gathering and the pursuit of the next paper. It was not sufficiently underpinned and driven by producing a creative problem-solving scientist. The technical demand was stressed rather than the intellectual.

Robert Bergman from the University of California, Berkeley, agreed that this is a critical point. Part of the problem is the pressure put not only on graduate students but on junior faculty to generate papers and earn tenure, as well as senior faculty to achieve other kinds of recognition.

Michael Rogers of NIGMS said that the institute is planning to strongly encourage, though not require, that graduate students and postdocs supported by NIGMS on either research grants or training grants have written individual development plans. He asked whether such encouragement or a requirement would be a good thing or would add too much to the workload of faculty members. Julie Aaron of DeSales University responded that the best approach would be for faculty members to sit with students informally and talk with them about where they want to go and how they plan to get there. “You don’t want it to be just more paperwork for everyone to do.”

She added that “in graduate school, we all had weeks where you got a lot accomplished and a week where you didn’t do a whole lot. It was easy to fly under the radar once in a while. … Students [need] to define their goals: ‘I want to present a paper or I want to go to a meeting this year so what do I need to get done by this date and how am I going to assess that.’ It is definitely good to encourage that without making it just more paperwork.”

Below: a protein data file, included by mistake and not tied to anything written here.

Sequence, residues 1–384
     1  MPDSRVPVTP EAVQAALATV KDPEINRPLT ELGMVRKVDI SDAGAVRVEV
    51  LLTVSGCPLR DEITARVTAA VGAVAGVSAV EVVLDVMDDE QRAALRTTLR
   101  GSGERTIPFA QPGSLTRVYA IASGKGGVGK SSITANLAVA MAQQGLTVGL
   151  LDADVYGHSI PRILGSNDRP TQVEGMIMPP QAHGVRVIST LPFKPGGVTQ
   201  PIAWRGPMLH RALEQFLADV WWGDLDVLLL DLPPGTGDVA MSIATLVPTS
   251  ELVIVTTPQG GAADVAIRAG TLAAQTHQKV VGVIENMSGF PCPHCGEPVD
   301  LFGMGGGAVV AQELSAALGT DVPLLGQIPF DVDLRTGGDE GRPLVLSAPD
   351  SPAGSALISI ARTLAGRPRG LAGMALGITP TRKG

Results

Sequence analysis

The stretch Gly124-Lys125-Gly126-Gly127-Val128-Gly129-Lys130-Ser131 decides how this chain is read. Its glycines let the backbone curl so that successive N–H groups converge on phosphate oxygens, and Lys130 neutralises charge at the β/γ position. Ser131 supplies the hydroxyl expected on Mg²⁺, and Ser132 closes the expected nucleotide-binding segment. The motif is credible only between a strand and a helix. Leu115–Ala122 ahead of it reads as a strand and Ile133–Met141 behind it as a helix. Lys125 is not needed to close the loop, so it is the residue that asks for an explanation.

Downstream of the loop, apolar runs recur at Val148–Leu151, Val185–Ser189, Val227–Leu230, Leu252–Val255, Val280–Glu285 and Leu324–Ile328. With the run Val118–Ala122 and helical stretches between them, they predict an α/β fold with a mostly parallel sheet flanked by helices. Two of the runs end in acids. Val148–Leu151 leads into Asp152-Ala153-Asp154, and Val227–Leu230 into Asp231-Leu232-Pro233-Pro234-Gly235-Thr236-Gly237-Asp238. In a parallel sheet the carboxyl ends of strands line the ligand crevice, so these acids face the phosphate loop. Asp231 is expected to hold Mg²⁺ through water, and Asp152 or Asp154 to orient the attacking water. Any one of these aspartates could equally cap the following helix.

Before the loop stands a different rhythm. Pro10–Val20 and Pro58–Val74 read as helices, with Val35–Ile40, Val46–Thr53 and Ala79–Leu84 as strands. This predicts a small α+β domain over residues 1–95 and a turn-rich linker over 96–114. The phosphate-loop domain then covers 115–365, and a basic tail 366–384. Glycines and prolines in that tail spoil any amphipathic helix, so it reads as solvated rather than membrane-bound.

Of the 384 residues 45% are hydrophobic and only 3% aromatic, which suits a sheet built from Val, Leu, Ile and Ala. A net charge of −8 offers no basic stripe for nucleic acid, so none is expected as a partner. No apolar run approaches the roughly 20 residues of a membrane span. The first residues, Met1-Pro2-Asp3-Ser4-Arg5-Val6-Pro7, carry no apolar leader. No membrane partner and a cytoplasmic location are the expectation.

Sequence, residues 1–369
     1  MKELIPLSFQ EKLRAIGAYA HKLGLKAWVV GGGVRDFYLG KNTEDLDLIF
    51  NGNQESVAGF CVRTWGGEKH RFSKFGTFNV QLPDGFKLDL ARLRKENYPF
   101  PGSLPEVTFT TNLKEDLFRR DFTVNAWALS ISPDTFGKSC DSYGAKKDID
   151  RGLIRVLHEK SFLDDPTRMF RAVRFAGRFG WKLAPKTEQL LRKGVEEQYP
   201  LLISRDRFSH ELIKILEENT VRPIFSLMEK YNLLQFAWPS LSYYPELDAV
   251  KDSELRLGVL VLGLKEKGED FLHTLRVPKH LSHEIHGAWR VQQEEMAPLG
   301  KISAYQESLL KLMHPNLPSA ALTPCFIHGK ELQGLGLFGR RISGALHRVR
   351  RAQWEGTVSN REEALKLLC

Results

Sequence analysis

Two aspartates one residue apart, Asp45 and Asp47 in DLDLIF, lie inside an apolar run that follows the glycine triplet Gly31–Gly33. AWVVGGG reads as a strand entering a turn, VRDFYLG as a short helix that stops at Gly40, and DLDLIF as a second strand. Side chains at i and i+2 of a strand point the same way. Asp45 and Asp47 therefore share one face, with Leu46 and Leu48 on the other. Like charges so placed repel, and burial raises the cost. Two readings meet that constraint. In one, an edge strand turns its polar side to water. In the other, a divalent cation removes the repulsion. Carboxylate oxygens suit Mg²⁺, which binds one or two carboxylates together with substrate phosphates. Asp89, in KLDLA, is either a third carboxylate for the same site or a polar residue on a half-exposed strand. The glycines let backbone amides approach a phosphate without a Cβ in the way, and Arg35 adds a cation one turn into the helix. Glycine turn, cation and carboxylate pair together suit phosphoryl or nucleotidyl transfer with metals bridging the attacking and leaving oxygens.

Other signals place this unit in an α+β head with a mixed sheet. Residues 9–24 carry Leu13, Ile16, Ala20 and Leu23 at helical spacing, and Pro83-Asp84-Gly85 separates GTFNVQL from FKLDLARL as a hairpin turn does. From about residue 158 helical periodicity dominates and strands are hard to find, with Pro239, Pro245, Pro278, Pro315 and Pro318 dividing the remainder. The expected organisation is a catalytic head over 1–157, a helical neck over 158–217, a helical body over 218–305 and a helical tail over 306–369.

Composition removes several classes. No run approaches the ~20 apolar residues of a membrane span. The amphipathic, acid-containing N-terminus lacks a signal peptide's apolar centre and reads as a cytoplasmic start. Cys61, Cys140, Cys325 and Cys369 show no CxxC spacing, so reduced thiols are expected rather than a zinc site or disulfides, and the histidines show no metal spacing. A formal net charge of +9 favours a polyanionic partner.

THE EXPECTATIONS OF STUDENTS AND FACULTY MEMBERS

Another prominent theme during the workshop was the need for students and their faculty advisors to have consistent expectations. For example, Peter Dorhout of Kansas State University said that differing expectations between students and faculty members were the single largest source of conflict at his institution. Communicating expectations from faculty to student and from student to faculty would go a long way toward improving the student and faculty experience in graduate education.

John Schwab, formerly from NIGMS, noted that most graduate trainees are supported through research dollars, which generally do not include expectations regarding the breadth and depth of the graduate experience.

One possibility discussed at the workshop is a manual for graduate students that would be available to all students and faculty members. Such a manual could outline how many hours of work are expected, when to come to advisors with a question, and how to report a mistake correctly.



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